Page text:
This isn’t just an instrumental album — in addition to the harmony, timbre, and rhythm elements, the musical idea is also performed verbally, with the lyrics’ help. The music is rich in illustrative elements, for example, in the separate compositions, there are the sounds of smoking a cigarette and opening up a pack of alcohol. There’s an exciting plot in the very first soundtrack, where we can guess that the main hero of the story comes home, opens the door, and then from time to time opens the other doors to the other rooms, where a different parallel world exists in each of them. A blind cinema of sorts evolves (just a sound without a picture) as an opposite to a silent movie (only an image without a sound). The themes of the lyrics contain autobiographical motives and realistic daily routine scenes — using forbidden substances and a battle with addictions («Vai jau laiks?»), extensive use of technologies in a person’s life («Internets mans orākuls»), interpersonal human relations («Saki, ko Tu gribi»).

Speaking of the usage of musical means of expression, I have to especially draw the listener’s attention to a harmonically melodic material in the compositions «Vai Jau Laiks» (unison of the vibraphone, guitar, and flute in between the solo improvisation and reprise theme), «Fast Food» (skillfully composed theme melody), «Sidewinder» (composed parts that complement the arrangements and aren’t there in the original version of the composition), as well as the realization of harmony in «Pritonā,» «Slinkum, slinkum laid mani vaļā» and «Internets mans orākuls.» The sounds included in the seemingly simple chords function as a spice, added to a skillful cook’s meal at the right time in the right proportion. It’s interesting to observe how Dzenuška controls himself within a battle with 17/16 in the composition «Vai jau laiks?» and draw one’s attention to the solutions used to get out of the classical jazz standard form. There’s some charm in a very short for jazz format — less than three minutes. A fundamental way of expression to Miķelis Dzenuška is timbre, which he works with creatively using electronic tools and music production technologies, instead of technical possibilities of musical instruments.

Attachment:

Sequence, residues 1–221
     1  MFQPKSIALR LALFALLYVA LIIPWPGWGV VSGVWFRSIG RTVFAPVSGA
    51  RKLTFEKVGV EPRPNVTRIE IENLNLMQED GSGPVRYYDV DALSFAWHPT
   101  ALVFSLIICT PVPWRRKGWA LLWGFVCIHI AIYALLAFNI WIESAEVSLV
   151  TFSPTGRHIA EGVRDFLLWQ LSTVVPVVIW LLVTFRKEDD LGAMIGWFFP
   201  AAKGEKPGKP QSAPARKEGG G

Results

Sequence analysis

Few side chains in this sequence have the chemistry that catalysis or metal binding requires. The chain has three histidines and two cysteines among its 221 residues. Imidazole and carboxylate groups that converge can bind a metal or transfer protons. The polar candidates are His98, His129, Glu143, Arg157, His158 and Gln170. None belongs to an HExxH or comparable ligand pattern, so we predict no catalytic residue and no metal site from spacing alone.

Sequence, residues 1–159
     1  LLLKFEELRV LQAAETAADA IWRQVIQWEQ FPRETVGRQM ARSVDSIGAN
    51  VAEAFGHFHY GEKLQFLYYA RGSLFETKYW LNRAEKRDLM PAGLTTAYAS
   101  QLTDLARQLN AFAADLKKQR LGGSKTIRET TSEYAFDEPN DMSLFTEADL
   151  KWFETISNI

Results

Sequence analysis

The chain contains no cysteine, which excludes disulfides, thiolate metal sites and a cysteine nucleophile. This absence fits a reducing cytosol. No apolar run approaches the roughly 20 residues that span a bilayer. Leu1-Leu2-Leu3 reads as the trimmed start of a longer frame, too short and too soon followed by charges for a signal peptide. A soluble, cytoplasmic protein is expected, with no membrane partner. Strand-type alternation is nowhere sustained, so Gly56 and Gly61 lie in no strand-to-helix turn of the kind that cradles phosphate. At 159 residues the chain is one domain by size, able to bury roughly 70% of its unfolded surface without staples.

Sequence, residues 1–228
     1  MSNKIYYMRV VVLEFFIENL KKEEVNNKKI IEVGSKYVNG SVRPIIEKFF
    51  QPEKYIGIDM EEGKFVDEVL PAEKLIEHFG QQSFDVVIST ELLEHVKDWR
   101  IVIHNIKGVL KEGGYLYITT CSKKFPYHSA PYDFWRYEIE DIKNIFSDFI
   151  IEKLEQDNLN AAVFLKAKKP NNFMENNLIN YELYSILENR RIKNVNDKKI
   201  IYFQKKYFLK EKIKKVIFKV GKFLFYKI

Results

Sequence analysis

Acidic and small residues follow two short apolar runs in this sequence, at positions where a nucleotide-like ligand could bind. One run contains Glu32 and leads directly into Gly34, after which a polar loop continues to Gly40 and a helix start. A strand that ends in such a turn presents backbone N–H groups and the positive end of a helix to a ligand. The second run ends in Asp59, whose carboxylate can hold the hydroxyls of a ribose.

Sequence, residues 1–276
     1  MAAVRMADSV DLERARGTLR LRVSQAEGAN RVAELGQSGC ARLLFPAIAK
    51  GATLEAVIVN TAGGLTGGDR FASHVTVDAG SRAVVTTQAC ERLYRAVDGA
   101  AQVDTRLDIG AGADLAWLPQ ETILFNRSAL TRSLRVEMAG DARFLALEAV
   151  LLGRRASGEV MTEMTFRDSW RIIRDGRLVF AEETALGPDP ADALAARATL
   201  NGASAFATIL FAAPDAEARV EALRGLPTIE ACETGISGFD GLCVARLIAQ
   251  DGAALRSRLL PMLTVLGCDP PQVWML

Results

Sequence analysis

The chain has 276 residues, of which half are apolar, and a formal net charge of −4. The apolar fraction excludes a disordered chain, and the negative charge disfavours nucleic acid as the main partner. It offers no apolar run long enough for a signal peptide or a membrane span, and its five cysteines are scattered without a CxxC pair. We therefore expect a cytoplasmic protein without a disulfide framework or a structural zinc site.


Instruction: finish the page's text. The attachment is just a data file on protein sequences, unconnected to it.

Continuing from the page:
Miķelis Dzenuška exits the frame of a common jazz vibraphonist, bringing everything he could on his shoulders. In addition to the vibraphone parts, using a MIDI keyboard in some compositions, he also plays piano and bass parts himself and sings the vocal parts. I also have to give some credit to the other musicians’ skillfulness, especially Jēkabs Zemzaris (drums) and Rūta Sīpola (flute). The other people episodically showing up in the album are Patrīcija Hofmane and Katrīna Kabiņecka (vocal). Svens Vilsons (guitar), Toms Kursītis (bass), Reinis Puriņš (trumpet), Kārlis Feldbergs (trombone), Artūrs Sebris and Zane Švēde-Grīnberga (saxophones). It would be fascinating to listen to this album performed live.

To those who like «Pritons» and would like to listen to uncensored Miķelis, I’d advise them to follow the «BFNL» project and listen to their debut album «Eboniāde,» released at the beginning of 2020. I also have to admit that one could genuinely enjoy the banc performances when played live. I brightly remember their concerts at the «DEPO» club, as well as this year’s Carnival at the Latvian Academy of Arts, where they demonstrated a dizzying and brutal energy burst.